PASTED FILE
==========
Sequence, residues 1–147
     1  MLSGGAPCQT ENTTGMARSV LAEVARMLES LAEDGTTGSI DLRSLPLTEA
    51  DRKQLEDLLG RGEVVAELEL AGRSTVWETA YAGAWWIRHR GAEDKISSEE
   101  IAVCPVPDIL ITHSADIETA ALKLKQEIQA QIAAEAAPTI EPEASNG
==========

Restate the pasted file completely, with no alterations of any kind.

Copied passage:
Sequence, residues 1–147
     1  MLSGGAPCQT ENTTGMARSV LAEVARMLES LAEDGTTGSI DLRSLPLTEA
    51  DRKQLEDLLG RGEVVAELEL AGRSTVWETA YAGAWWIRHR GAEDKISSEE
   101  IAVCPVPDIL ITHSADIETA ALKLKQEIQA QIAAEAAPTI EPEASNG